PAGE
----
Protect Vulnerable Home Buyers

For Immediate Release — May. 22, 2015
Lindsay Taylor, Consumer Marketing Manager

The lawmakers and corporate allies working to undo protections for buyers of manufactured homes aren’t giving up, even as their phony arguments are unmasked. Last month, the House passed a bill to weaken new rules against predatory lending in the sale of manufactured homes. This week, the Senate Banking Committee is on track to pass a bill that includes a similar measure.

This deregulatory push would harm the mostly rural, older and hard-pressed buyers of mobile homes, as has been made clear in a recent series of articles in The Seattle Times about Clayton Homes. Clayton, which is owned by Warren Buffett’s Berkshire Hathaway, is the nation’s biggest builder, seller and lender in manufactured housing. The newspaper revealed this week that more than 90 percent of the market that would be deregulated by the bills is controlled by Clayton Homes.

It also reported that information used by supporters of the House bill did not check out. Representative Jeb Hensarling, the chairman of the House Financial Services Committee, has argued that two small lenders were harmed by the rules, which went into effect last year. But federal data showed that one of the lenders, a credit union in Maine, had made only two mobile-home loans in the nine years before the new rules. The other, a Minnesota bank, said it had actually increased its mobile-home lending after the rules took effect.

The real victims are buyers who need protection from the high-pressure sales tactics and excessive costs of doing business with Clayton, as detailed in the articles, which were produced with the Center for Public Integrity. But Mr. Buffett, speaking at this month’s Berkshire Hathaway shareholder meeting, said he made “no apologies whatsoever about Clayton’s lending terms.” He added that Clayton loans had a 3 percent default rate. Yet later, in a television interview, he conceded that the rate could be higher depending on how it was calculated. An industry consultant quoted in the newspaper report, citing his own research and conversations with Clayton executives, said that loans by Clayton’s two lenders had failure rates of 33 percent and 26 percent. Clayton told The Seattle Times those figures were wrong but declined to discuss details.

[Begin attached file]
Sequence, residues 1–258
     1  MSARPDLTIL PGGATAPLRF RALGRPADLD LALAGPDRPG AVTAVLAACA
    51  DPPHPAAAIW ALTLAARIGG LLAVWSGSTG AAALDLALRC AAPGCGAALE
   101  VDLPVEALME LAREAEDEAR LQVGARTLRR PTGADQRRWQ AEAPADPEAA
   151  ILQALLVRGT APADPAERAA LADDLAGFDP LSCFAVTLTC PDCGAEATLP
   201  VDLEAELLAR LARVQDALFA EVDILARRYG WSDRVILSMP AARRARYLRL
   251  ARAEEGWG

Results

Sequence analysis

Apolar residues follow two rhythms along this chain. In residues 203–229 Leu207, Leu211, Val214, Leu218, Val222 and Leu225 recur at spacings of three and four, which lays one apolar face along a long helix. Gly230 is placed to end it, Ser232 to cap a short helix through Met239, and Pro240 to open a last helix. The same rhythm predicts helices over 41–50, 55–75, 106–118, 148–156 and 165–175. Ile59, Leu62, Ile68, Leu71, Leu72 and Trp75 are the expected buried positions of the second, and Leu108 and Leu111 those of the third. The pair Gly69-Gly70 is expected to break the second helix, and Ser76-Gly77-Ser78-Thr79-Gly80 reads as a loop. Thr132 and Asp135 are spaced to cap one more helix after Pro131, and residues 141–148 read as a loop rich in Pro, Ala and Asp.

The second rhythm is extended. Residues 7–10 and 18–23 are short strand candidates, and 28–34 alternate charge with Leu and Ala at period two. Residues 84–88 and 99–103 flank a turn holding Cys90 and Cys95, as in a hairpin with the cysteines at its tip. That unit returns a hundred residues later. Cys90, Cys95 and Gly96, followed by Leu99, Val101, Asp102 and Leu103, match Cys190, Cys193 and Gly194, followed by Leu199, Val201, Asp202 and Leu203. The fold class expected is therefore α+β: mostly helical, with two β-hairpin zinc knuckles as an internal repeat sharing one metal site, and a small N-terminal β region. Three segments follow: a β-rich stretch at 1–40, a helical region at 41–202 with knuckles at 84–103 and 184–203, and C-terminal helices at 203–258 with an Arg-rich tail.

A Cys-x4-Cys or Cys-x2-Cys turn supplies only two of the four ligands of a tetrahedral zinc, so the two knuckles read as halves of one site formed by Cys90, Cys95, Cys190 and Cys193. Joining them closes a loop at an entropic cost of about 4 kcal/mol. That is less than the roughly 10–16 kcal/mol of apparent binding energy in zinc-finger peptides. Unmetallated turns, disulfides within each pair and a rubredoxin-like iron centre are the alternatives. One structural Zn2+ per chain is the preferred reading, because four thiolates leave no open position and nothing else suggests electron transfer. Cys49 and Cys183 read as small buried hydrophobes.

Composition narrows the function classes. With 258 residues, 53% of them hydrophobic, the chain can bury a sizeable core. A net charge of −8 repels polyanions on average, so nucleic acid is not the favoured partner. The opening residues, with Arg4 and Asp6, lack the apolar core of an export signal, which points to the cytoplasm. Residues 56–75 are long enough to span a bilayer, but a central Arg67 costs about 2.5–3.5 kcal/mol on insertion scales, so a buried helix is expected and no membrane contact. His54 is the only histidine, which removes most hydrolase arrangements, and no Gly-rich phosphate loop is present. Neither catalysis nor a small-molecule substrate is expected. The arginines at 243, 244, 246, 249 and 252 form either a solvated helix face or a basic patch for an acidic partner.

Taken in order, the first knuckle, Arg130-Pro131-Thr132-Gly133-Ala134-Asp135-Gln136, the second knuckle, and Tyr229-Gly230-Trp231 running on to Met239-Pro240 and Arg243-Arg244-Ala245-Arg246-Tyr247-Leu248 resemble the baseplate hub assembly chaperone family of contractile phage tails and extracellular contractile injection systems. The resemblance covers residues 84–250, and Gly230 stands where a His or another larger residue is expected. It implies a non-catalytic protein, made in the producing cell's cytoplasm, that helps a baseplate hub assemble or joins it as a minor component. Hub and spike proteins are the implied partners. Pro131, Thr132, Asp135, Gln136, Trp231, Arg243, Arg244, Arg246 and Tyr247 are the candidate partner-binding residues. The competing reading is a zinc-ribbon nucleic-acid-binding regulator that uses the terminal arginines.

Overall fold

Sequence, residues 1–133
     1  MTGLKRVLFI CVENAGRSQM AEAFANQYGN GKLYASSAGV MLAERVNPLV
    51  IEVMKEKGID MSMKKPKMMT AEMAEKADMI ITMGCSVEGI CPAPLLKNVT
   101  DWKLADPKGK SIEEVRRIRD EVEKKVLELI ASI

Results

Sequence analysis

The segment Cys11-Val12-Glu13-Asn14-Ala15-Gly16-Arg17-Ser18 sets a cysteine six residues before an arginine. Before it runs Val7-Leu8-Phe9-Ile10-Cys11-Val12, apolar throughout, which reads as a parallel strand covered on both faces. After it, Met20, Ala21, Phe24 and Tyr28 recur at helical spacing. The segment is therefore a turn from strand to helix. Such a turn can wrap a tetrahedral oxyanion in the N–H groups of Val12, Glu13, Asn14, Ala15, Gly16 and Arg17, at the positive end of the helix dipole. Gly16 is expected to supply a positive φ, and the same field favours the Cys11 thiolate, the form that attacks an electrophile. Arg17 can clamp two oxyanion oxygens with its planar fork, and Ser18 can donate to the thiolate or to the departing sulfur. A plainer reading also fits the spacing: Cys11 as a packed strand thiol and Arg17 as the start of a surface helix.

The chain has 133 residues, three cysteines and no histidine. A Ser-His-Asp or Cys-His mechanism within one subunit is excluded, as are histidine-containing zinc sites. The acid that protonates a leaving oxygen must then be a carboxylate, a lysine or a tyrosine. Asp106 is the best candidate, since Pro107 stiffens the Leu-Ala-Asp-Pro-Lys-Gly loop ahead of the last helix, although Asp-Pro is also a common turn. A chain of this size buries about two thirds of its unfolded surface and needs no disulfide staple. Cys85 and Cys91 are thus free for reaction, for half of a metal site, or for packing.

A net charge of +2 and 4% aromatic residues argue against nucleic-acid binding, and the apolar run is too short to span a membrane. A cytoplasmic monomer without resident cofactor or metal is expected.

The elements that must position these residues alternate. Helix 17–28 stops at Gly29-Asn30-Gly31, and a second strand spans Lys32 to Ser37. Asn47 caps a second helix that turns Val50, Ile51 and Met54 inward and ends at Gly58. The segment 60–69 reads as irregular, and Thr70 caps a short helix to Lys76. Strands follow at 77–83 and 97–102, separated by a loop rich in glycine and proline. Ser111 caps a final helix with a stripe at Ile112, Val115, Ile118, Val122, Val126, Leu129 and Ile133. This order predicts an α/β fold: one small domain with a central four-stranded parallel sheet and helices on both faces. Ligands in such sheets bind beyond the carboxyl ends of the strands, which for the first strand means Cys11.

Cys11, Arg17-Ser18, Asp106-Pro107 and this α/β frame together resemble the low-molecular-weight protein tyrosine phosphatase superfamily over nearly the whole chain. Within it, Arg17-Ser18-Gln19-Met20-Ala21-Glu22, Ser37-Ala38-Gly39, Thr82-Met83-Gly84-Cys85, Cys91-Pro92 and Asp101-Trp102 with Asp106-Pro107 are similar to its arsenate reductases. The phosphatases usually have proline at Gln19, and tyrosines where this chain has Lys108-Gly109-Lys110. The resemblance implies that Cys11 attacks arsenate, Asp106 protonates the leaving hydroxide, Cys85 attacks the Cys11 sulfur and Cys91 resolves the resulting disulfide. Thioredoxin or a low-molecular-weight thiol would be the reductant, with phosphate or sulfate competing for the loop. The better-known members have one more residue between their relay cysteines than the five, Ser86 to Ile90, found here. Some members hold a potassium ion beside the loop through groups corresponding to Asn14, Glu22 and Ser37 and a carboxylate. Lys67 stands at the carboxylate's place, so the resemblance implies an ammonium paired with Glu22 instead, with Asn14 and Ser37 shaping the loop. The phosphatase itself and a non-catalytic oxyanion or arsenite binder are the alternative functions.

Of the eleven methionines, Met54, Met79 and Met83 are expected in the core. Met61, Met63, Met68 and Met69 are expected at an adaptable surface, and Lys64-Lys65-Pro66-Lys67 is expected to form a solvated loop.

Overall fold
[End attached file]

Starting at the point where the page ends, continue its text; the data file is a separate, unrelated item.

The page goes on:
The rollback of safeguards for mobile-home buyers is not the only objectionable measure in the Senate bill, which would also weaken many other recent financial reforms. But it is the most glaring in the way it would put profits from predation above protections for consumers. With Republicans apparently determined to pass the bill, it will be up to Democrats to stand up for consumer protection in committee and on the Senate floor.